A democracy bash like no other

2004-04-22 16:00
Johannesburg - South Africa is gearing up for an effervescent election and world-wide celebrations of ten years of democracy, with a huge sigh of relief that a transition which many feared would lead to a bloodbath has produced "a nation that works".

In April 1994, the first unrestricted elections sounded the death-knell of 46 years of institutional racism and ushered in a transition that was peaceful beyond all hopes, despite some 12 000 deaths in pre-poll fighting.

A decade later, the government and their diplomatic missions around the world will celebrate with festivals, expositions, debates and concerts as members of the African National Congress (ANC) prepare for what all analysts see as a shoo-in for another five years of power.

"South Africa is a global pathfinder," commented Allister Sparks, a chronicler of the country's recent past.

"It is an exciting place to live in because it is at the cutting edge of so many of the world's most challenging problems," he wrote in a 2003 book, "Beyond the Miracle".

The state is spending almost R90m on the celebrations, with the high point April 27, the 10th anniversary of the 1994 vote.

That may well turn out to be the day that Thabo Mbeki takes the oath to serve his second five-year term as head of state.

"Ten years of freedom" and "Ten years of the ANC" are refrains likely to become commingled over the next couple of months, with the Democratic Alliance jealously guarding any apparent fusion of state and ruling party.

It will be even more on the qui vive now that the New National Party is co-operating with the ANC.

Tutu full of hope

The echoes, meanwhile, will reverberate around the planet.

They include the adoption of one of the world's most liberal constitutions which even protects gay rights on a homophobic continent, a patient process of reconciliation and economic empowerment, and a stubborn campaign for a more equal world order.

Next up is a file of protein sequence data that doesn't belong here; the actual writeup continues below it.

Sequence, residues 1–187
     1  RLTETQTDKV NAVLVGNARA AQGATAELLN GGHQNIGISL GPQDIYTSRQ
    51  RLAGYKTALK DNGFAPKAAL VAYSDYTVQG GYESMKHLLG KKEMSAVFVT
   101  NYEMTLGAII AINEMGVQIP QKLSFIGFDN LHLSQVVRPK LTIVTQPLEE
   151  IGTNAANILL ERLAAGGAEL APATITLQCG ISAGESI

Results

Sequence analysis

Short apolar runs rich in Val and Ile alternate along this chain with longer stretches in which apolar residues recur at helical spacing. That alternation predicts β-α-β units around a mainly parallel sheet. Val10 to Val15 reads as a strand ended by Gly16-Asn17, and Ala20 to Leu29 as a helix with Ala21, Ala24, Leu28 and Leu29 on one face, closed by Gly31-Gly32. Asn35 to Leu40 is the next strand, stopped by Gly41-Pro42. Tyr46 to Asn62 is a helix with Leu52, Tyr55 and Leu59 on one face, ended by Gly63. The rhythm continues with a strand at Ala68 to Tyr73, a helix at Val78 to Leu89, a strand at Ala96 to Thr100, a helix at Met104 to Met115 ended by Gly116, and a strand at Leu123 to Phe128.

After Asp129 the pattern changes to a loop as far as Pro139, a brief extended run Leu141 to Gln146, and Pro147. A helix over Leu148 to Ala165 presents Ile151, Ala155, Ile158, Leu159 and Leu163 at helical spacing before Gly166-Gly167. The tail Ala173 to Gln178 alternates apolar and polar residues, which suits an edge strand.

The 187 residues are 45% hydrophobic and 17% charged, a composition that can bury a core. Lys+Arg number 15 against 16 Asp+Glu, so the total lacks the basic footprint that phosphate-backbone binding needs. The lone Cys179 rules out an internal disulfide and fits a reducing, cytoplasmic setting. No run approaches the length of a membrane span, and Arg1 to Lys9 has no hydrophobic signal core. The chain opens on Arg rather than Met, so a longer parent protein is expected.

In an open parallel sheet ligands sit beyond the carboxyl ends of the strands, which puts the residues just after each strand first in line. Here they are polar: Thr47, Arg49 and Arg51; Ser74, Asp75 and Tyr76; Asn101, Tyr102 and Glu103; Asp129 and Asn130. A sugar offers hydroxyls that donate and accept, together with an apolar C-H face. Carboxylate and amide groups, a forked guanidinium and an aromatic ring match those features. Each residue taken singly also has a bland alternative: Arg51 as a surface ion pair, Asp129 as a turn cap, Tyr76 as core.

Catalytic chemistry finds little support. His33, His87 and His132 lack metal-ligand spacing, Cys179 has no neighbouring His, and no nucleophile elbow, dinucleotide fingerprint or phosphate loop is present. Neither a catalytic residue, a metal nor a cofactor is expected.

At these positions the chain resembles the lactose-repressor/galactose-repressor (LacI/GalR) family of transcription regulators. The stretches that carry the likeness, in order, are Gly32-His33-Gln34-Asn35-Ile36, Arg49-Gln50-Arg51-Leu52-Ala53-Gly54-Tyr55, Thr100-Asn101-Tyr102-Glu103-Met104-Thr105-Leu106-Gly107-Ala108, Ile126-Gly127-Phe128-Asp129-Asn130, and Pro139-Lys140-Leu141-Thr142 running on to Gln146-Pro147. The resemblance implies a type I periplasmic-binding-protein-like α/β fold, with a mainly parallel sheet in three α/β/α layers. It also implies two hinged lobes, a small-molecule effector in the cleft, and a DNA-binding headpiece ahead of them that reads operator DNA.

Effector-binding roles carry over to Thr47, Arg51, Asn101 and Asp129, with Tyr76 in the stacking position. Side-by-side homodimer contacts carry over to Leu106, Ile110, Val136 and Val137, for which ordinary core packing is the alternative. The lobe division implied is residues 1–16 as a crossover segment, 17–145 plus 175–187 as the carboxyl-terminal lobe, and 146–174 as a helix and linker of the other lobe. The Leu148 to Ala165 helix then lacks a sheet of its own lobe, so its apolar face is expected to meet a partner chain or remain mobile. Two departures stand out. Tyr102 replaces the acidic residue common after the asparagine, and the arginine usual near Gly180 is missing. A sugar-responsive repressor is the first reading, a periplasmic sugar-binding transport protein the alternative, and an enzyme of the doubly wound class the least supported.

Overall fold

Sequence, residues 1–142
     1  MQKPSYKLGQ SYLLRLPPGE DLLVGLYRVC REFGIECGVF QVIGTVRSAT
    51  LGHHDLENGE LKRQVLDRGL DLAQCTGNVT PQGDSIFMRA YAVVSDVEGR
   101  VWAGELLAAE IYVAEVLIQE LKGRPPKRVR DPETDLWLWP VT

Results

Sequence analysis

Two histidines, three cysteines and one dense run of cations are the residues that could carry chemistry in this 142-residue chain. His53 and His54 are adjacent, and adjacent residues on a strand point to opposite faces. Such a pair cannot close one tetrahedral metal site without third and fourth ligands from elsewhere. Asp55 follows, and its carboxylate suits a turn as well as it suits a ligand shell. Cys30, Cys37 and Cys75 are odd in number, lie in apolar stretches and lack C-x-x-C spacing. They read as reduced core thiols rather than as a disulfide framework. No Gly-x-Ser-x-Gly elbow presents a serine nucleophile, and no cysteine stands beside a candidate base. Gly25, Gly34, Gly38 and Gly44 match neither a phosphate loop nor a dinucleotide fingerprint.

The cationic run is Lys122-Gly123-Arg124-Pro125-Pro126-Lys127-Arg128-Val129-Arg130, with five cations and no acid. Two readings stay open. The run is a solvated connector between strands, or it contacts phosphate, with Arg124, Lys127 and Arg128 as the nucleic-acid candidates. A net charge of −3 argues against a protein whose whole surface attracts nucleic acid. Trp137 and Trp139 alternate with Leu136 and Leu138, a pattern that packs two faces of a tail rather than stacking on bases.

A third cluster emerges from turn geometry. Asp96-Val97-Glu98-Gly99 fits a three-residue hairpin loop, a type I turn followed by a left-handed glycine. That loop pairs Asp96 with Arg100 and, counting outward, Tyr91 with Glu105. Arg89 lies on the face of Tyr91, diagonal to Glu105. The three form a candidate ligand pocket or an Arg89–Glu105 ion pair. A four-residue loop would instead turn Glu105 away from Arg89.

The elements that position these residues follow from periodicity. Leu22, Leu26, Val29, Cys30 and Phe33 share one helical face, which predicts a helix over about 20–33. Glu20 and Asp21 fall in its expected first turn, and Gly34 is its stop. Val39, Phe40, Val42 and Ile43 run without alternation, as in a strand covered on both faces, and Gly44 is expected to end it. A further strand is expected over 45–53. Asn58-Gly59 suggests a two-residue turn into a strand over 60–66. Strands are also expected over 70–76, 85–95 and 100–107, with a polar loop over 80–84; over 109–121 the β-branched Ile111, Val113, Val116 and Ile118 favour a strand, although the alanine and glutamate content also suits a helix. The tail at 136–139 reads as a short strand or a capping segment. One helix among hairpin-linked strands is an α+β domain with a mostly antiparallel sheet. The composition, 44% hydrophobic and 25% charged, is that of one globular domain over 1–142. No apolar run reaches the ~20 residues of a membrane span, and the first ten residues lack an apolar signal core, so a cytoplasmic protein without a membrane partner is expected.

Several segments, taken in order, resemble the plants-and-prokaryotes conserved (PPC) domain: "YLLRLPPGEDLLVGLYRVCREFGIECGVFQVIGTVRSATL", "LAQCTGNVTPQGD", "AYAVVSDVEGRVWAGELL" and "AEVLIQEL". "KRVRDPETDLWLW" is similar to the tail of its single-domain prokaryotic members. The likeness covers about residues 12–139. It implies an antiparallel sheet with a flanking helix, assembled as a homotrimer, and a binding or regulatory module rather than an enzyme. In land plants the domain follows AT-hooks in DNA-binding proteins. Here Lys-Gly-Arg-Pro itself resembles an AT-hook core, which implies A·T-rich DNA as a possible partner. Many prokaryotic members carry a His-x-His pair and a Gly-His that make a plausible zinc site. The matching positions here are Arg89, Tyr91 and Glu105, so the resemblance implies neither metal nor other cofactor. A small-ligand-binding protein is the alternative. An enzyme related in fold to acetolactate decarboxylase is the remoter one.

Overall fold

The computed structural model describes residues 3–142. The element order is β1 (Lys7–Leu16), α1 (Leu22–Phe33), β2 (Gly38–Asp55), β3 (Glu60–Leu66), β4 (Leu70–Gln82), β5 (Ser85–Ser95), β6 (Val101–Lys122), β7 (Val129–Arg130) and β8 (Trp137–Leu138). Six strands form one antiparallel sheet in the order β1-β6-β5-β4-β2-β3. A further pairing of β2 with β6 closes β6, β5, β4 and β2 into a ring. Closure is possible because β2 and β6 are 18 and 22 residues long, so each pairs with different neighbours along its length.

"Once we have got it right", said Anglican Archbishop Emeritus Desmond Tutu on the night the 1993 Nobel Peace Prize was awarded to Nelson Mandela and outgoing president Frederik de Klerk, "South Africa will be the paradigm for the rest of the world".

Later, reflecting on the success of the transition, he said: "God has a sense of humour. God must have said, 'Precisely because they have sunk so low, they can be a sign to the world, no matter how bestial people are to others, the nightmare can end.'"

"The Arch," as he is known with great affection, won his own Nobel Peace Prize in 1984, and presided over the Truth and Reconciliation Commission, which sat for six years and is now being copied by other countries.

It granted amnesty to more than 1 200 people of all political persuasions who demonstrated clear repentance for political crimes under apartheid, and recommended reparations to victims.

The world followed South Africa's liberation struggle like no other, with its leaders described by US president Ronald Reagan and British prime minister Margaret Thatcher as "terrorists" while anti-apartheid activists boycotted sports fixtures and lobbied businesses in an attempt to isolate the white regime.

No other world leader received the adulation accorded to Mandela as he became head of state after 27-years behind bars and assured whites they were a welcome element of the "rainbow nation".

A voice to be heard

Now, from the environment to world trade, South Africa has become a voice which must be heard, its weight felt - and sometimes resented - throughout Africa and beyond.

It has brokered peace in the Democratic Republic of Congo and Burundi, its businesses have spread their tentacles through Africa, and it has sent arms experts to Iraq.

Mandela even negotiated the deal under which Libyan leader Muammar Gaddafi sent the Lockerbie bombing suspects to stand trial in The Hague.

In 2002, internet whizz-kid Mark Shuttleworth became the first "Afronaut", aboard a Soyuz capsule.

Under apartheid, the economy was static and isolated, but over the past two years the rand has been the world's best performing currency, firming by 43% against the dollar in 2002, and a further 35% in 2003.

At the same time, despite providing cheap houses, water and electricity, South Africa has been unable to eradicate poverty or reduce massive unemployment, hovering at around 35%, though new strata of rich and middle-class blacks have emerged.

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